The Left has right on its side

Wednesday 21 February 2018, 7pm | Emmanuel Centre

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The Left has right on its side

Let’s be honest. It’s the political Left that has society’s best interests at heart, that works for the good of all. The Right, in their view, are ‘the nasty party’ – the defenders of privilege, the friends of the overdog. Of course right-wingers will argue that the poor and oppressed will be fine under them, because they will be propped up by the free market and the profit motive. But that, say the Left, is bunk. It is and always has been the Left that has struggled to protect the weak from the strong, that has fought for workers’ rights, for sexual and racial equality, for the welfare state. It is the Left which now challenges the abuses of corporate and financial power. And it is the Left that seeks to build a world based on fairness and mutual respect, not individualistic self-seeking. It is the Left, not the Right, that has right on its side.

Yet according to conservatives, it is precisely that self-regard, that attempt to monopolise virtue, which exposes the shallowness and hypocrisy of left-wing ideology. To flaunt your concern for your fellow man, to parade your desire to improve the world doesn’t make you right – it just gives you the smug glow of virtue signalling. In fact, by expanding the state, overtaxing the rich and splurging benefits on the poor, the Left has always damaged society by crippling people’s natural instinct to better themselves through reaping the rewards of their own hard work. The crucial insight of the Right is that human society only flourishes when it is incentivised and when cooperation is uncoerced; that this happens through free markets and free choice, and through traditions of mutual tolerance and respect built up over time. It is the Right, by championing freedom and social cohesion, that has right on its side.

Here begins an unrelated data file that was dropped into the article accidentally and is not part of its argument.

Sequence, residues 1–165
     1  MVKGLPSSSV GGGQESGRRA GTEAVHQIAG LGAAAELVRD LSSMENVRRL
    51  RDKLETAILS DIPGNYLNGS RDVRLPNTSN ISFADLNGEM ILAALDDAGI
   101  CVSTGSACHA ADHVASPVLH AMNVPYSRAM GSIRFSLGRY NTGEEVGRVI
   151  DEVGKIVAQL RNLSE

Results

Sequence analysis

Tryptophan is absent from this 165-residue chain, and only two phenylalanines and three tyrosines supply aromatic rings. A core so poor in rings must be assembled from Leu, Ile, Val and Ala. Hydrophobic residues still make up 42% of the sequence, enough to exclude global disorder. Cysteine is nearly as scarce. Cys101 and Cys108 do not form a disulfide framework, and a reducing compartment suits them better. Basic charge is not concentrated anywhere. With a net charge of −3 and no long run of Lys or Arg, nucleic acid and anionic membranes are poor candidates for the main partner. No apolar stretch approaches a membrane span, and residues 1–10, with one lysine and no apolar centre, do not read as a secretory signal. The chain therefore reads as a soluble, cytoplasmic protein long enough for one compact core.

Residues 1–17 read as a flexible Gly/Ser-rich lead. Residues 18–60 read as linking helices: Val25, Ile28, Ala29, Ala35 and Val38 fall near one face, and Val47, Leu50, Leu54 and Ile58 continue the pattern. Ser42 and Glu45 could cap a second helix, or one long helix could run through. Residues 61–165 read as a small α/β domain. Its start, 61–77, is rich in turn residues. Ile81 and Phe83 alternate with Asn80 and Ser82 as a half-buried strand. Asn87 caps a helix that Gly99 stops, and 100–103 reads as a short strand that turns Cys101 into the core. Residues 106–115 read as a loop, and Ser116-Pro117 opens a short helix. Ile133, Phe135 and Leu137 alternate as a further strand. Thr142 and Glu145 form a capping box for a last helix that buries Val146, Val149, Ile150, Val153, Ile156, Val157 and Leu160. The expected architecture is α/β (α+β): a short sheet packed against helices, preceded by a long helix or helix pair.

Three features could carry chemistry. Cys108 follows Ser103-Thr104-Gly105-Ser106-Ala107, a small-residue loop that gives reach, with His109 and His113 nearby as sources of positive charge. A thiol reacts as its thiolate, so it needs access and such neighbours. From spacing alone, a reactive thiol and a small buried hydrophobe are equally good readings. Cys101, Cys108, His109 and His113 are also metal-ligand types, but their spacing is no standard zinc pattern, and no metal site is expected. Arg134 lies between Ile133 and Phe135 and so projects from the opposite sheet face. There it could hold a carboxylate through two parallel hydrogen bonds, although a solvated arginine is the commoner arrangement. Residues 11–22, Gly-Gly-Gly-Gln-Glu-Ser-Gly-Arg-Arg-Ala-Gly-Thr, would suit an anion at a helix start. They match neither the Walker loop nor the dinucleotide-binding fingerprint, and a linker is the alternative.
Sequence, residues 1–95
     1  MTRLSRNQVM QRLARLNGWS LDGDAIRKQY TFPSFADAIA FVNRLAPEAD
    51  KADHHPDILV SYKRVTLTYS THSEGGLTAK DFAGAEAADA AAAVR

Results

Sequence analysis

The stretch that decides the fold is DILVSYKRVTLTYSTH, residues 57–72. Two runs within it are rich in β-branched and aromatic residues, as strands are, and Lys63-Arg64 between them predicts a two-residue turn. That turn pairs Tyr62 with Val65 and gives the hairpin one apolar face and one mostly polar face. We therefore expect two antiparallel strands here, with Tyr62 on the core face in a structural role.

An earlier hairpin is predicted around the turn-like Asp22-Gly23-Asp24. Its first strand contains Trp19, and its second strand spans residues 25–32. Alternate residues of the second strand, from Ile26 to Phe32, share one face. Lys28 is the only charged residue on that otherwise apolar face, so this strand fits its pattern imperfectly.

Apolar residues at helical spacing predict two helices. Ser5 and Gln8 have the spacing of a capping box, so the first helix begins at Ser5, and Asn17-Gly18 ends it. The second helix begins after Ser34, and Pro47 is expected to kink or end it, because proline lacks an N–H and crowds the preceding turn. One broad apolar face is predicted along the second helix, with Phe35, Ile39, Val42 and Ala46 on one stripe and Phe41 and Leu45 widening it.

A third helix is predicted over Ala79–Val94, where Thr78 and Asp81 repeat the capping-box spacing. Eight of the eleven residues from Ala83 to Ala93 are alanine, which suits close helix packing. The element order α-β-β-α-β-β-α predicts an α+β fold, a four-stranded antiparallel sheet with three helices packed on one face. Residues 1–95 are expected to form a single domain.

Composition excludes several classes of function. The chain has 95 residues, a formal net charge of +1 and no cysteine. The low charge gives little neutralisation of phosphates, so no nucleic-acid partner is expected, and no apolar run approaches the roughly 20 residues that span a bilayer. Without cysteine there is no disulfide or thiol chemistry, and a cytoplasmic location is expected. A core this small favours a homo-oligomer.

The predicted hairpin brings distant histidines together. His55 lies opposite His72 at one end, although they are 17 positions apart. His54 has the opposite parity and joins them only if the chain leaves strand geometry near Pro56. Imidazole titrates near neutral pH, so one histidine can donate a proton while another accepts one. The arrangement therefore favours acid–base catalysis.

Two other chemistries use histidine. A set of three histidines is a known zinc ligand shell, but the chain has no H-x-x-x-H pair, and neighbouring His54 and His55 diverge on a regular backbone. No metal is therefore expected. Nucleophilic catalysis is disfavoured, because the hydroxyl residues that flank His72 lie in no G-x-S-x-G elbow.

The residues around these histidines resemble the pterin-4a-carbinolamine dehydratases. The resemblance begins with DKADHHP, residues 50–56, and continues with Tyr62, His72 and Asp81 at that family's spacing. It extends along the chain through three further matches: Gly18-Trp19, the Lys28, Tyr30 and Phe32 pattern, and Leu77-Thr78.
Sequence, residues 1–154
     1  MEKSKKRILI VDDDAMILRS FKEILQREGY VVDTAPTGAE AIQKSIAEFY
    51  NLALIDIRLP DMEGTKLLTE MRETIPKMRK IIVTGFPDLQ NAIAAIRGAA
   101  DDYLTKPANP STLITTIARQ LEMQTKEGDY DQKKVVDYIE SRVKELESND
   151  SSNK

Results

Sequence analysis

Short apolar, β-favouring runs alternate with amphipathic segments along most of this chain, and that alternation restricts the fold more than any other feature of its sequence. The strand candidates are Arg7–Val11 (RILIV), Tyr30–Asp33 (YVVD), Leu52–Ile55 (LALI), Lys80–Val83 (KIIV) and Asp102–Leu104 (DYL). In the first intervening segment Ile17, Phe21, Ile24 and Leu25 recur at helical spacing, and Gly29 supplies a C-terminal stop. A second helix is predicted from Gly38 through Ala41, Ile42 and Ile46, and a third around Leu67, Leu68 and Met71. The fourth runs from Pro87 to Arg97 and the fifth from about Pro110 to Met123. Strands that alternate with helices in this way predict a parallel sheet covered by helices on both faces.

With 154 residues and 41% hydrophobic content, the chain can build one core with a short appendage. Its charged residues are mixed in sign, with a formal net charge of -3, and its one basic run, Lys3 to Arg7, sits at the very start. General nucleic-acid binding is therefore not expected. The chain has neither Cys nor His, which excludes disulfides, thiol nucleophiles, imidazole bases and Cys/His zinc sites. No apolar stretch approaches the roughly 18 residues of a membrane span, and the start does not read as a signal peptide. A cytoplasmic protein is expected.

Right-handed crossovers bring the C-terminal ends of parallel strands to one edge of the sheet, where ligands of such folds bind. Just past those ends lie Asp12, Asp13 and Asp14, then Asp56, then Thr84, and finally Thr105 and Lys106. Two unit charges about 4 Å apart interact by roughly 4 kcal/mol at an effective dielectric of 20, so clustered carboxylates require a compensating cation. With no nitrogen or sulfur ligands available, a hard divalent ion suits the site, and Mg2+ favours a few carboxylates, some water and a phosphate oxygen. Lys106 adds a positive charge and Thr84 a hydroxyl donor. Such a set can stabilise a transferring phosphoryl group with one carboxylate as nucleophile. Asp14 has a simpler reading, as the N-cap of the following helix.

Left or right? Could you ever switch sides? Join us on February 21st 2018 and decide for yourself.

Speakers for the motion

George Monbiot

Guardian journalist and polemicist, whose bestselling books include Captive State: The Corporate Takeover of Britain; The Age of Consent: A Manifesto for a New World Order and most recently Out of the Wreckage, which argues for a new politics based on scientific findings which prove that humans are by nature supreme altruists and cooperators.

Remaining speaker to be announced.

Speakers against the motion

Allison Pearson

Award-winning columnist and chief interviewer on the Daily Telegraph, known for her outspoken views. Her bestselling 2001 novel I Don’t Know How She Does It defined modern life for the working woman and was turned into a film starring Sarah Jessica Parker.

Roger Scruton

Britain’s leading philosopher of Conservative thought. He has published more than forty books on philosophy, aesthetics and politics, including How to be a Conservative; Where We Are: The State of Britain Now; and Fools, Frauds and Firebrands: Thinkers of the New Left.

Chair

To be announced.

 

Speakers are subject to change.